The host of the dishonest million dollar TV docudrama “Doubt”, law lecturer Chris Gallavin, has been labelled “disgraceful” by the families that owned the so-called mystery ketch targeted by the show
The mystery ketch sightings at Mapua that featured so dramatically in the Scott Watson TV programme “Doubt” turn out to be no mystery at all: they were investigated 20 years ago by police and cleared.
The Mapua sightings, set to haunting music and sombre speculation from the former law clerk, formed the pinnacle of the show, convincing thousands of viewers that Scott Watson had indeed been stitched up and was innocent.
The Doubt programme, made with the help of discredited amateur researchers from amid the Scott Watson support team, was given a million dollars of taxpayer funding.
It has previously been rubbished for major factual inaccuracies, but now the one jewel left in its crown, the Mapua sightings, have been shown to be a crock and – worse – researchers close to the Watsons had been warned beforehand.
The lead letter in this week’s Listener magazine reveals the extent of the Doubt programme fraud:
The final, brutal blow to the credibility of Mike Kalaugher, Chris Gallavin and the Doubt programme was delivered in a Letter to the Editor to the NZ Listener, 6 January 2018. It deserves reprinting in full:
We deserve better than the so-called docudrama about the Scott Watson case (Doubt, TVNZ 1, December 17). The significance of the ‘mystery ketch’ has taken on legendary proportions and just how this happened is illustrated by the segment in which five local people are interviewed and describe a ketch that came into Mapua Channel at a time that appears to perfectly match other ‘sightings’.
Well, that timber ketch had been handcrafted by a friend of ours and he and my husband had been sailing it in the Abel Tasman. At Mapua wharf, it was immediately boarded by police and soon eliminated from their inquiries. It was distinctive and had a few similarities to the infamous ketch. It also had its Friesian name on it.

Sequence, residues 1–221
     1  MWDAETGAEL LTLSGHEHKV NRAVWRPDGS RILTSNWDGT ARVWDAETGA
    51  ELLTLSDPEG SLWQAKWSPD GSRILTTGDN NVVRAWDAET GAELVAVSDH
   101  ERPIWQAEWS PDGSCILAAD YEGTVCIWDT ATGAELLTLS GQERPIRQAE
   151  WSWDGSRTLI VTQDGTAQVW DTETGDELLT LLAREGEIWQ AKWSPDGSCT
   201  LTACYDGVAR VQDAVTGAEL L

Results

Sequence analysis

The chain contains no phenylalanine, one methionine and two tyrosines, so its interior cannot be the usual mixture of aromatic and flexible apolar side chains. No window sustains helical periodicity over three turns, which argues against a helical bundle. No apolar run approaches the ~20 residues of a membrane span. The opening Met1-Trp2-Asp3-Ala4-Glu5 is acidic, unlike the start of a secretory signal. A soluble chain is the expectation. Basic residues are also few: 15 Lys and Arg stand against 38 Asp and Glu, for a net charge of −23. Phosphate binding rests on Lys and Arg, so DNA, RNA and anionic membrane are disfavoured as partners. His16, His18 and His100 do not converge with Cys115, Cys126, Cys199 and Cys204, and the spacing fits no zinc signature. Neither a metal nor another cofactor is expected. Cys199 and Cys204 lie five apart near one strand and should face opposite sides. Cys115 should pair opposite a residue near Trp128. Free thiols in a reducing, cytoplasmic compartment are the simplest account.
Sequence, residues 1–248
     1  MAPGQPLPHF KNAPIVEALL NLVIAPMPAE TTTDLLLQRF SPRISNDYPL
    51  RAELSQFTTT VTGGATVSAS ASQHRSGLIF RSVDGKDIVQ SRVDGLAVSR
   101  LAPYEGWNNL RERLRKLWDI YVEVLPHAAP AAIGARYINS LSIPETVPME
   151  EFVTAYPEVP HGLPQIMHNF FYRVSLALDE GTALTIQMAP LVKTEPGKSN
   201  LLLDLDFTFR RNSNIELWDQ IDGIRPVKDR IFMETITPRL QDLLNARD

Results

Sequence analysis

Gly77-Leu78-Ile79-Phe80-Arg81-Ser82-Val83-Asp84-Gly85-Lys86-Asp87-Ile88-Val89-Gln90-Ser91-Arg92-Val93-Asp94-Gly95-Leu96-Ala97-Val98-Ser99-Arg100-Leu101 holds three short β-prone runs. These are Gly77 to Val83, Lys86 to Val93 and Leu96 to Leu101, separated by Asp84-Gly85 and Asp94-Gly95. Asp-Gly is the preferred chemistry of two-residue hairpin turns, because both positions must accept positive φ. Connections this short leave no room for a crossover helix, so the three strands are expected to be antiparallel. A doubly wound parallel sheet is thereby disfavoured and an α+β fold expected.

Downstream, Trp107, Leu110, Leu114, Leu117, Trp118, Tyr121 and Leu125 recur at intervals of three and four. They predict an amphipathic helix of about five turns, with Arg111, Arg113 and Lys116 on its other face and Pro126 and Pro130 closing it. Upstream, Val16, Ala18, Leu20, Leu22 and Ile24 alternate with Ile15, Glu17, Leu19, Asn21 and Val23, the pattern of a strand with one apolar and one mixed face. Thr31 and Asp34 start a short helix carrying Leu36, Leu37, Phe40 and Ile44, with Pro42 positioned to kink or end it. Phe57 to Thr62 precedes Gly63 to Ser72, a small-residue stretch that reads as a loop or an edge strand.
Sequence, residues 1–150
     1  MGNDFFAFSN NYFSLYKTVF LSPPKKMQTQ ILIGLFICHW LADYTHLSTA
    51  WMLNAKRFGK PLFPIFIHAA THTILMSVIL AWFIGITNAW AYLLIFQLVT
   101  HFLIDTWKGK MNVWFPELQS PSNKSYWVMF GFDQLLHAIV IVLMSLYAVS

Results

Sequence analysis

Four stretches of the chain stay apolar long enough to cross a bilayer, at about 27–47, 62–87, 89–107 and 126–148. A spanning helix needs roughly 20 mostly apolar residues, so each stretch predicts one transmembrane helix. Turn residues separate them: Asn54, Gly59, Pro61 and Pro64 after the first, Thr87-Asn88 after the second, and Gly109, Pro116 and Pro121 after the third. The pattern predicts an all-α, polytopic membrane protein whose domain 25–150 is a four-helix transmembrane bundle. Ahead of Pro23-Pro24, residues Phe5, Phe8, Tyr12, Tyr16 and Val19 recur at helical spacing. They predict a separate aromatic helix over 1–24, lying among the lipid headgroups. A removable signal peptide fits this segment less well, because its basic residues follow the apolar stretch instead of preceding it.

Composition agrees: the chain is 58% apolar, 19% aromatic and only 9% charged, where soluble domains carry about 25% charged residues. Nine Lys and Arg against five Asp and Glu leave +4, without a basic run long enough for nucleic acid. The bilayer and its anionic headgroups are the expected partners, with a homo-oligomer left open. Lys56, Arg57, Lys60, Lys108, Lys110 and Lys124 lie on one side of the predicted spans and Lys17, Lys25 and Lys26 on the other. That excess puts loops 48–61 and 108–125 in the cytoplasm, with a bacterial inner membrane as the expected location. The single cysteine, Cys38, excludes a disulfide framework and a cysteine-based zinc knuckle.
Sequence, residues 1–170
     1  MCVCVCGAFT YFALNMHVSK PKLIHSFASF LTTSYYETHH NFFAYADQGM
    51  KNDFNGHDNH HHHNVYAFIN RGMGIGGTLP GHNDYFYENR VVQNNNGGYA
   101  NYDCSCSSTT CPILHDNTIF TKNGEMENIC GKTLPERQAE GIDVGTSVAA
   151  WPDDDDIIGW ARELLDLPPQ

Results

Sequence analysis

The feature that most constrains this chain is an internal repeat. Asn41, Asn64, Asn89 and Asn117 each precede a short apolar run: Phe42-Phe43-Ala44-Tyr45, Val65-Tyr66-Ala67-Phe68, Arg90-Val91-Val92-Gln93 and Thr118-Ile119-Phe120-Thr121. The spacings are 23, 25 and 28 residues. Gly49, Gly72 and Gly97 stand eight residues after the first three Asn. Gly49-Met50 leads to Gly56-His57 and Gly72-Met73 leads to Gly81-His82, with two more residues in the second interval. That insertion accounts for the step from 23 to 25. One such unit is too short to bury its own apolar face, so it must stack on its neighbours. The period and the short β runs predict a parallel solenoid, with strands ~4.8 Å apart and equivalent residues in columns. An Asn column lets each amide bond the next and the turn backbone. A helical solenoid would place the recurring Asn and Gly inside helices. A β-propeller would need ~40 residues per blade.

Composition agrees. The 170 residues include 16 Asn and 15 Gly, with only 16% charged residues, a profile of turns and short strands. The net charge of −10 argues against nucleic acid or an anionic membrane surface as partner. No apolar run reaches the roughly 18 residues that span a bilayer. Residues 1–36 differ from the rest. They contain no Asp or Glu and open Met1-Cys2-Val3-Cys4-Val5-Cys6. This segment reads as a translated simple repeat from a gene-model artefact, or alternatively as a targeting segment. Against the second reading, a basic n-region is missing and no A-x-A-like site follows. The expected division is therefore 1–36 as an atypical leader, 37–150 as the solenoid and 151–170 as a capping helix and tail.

It came in and out of Mapua a few times with various friends on board. It has done a lot of sailing in its lifetime and was only recently sold. Over the years, its skipper and we have fielded occasional calls from Watson supporters and there was a further police investigation instigated by them.
Had the programme makers done their homework, we could have saved them interviewing the five people from Mapua and drawing up the accompanying diagrams and sketches.
I thought Chris Gallavin’s conclusion regarding the ‘different outcome’ had the police continued to ‘follow up’ the ketch was simply disgraceful.
Letter of the Week
Investigative journalist Ian Wishart said the latest development proved the programme was a fraud, in his view:
“It’s at this point that all of you who watched Doubt and believed law lecturer Chris Gallavin had got his facts right, should be writing to NZ on Air demanding your million dollars of taxpayer funding back and asking how much went to the Watson family and how much to members of their research team. I’m sure many people would like to know.”